International relations | Australia, Asia, East Asia, South Asia, Southeast Asia, The Pacific, The World

21 May 2018

Is the ‘Indo-Pacific’ a way to create a better ‘mental map’ of our region or an unhelpful abstraction? Martin Blaszczyk takes a look.

For millennia, the West knew only ‘Asia’. With the entrenchment of American hegemony in the 20th Century, the ‘Asia-Pacific’ came to define how Australians conceptualise their region. But with the inexorable march of globalisation, is it time for our horizons to shift again?

Far from simply delimiting a sphere of the globe stretching from the east coast of Africa to the west coast of the Americas, the Indo-Pacific is “a globally-central, two-ocean strategic system with fluid boundaries and an Asian core” according to Rory Medcalf. Writing in the South China Morning Post, he takes a look at the recent “buzz” over the term.

For David Brewster, the Indo-Pacific century is defined by the growing rivalry between two rising superpowers.

“How India and China get along in the shared Indo-Pacific space – cooperation, coexistence, competition, or confrontation – may be one of the key strategic challenges of the 21st century,” Brewster writes in Policy Forum.

With Anthony Bergin, Brewster charts China’s rising assertiveness in the region, much to India’s chagrin, while Darshana Baruah calls the Indo-Pacific “a new single strategic arc” that will complicate the maritime strategies of both Australia and India.

With its two-ocean geography, the concept seems to fit well with Australia’s strategic perspective. The first time the government formally adopted the term was in the 2013 Defence White Paper. By the time we asked experts to comment on last year’s Australian Foreign Policy White Paper, the term was common parlance, with Indonesia, Japan, India, and South Korea identified as Australia’s “Indo-Pacific partners.”

Australia has been busy reifying the Indo-Pacific with talk of a revived ‘Quadrilateral’ dialogue with the US, India and Japan, as Graeme Dobell explains in The Strategist. Even Donald Trump is on board, having used the term repeatedly, and adopting it in his administration’s national security strategy and national defence strategy.

However, Brad Glosserman from the Centre for Strategic Studies says the goal of a “free and open Indo-Pacific” remains amorphous even as it informs US policy. Similarly, as Asha Sundaramurthy points out in The Diplomat, India’s recent decision to again exclude Australia from its Malabar naval exercise highlights the fine line it walks with its great and powerful neighbour.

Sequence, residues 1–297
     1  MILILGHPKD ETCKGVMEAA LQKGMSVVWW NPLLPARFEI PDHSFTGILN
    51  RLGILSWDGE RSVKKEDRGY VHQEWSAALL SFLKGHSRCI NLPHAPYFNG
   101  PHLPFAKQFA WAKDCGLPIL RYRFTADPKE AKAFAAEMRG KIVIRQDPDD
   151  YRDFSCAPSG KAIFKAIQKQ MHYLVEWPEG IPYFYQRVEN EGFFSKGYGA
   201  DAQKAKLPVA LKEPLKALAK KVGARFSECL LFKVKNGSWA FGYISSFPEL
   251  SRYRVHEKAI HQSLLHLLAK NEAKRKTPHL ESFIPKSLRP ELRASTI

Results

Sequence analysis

For China, naturally, both the Indo-Pacific concept and associated Quad smack of containment. Beijing has not failed to express its displeasure at the moves, even mocking Australia’s use of the term.

The Indo-Pacific concept has other detractors. Joshua Kurlantzik calls it “nebulous” and “ hard to pull off” while Andrew Phillips argues for a more regionally differentiated ‘Indo/Pacific’ alternative for Australia’s foreign policy.

To answer the sceptics and critics, Rory Medcalf will speak on an Indo-pacific strategy for Australia on 21 May – watch it live here and judge for yourself.

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2 Responses

  1. ANIL JAI SINGH says:

    While it was Shinzo Abe who first spoke of the Confluence of Two oceans when addressing the Indian Parliament in 2007 which gave rise to this term, the roots of this can be traced back to history eg the Hindu influence in SE Asia (:Angkor Vat et al).
    However that notwithstanding,, while it means different things tothe US, Australia, Japan and India it is China which has embraced it wholeheartedly from Djibouti to Japan and is integral to their Far Seas strategy and Mahanian aspirations of Maritime power.
    As India also looks at this larger geostrategic seascape, competition is inevitable, confrontation very possible and conflict a distant but distinct possibility. We are looking at Cold War 2.0 in the Indo-Pacific from 2025 onwards.

  2. Cmde Anil Jai Singh, IN (Retd) says:

    Ever since Shinzo Abe spoke of the confluence of Two Oceans at the Indian Parliament in 2007, the Indo-Pacific has become part of the geostrategic lexicon. However, to this day it means different things to different people notwithstanding President Trump’s endorsement of the term last year during his Asia visit. However while the US, Australia, Japan and India still differ on its geographical extent depending on their perceived interests, China has understood its full import and geographic extremities and is present from Djibouti in the west to the eastern end of the Western Pacific in the east.
    China is today the dominant maritime power east of the Malacca Straits, the imposing presence of the USN notwithstanding. Extending this reach into the Indian Ocean is integral to its Far Seas strategy in its relentless Mahanian quest for maritime power as the forerunner to eventual global power status. There is little that can be done to stop this Chinese juggernaut without a focussed approach by the ‘arc of maritime democracies’ who are doing little of note at present, either individually or collectively.

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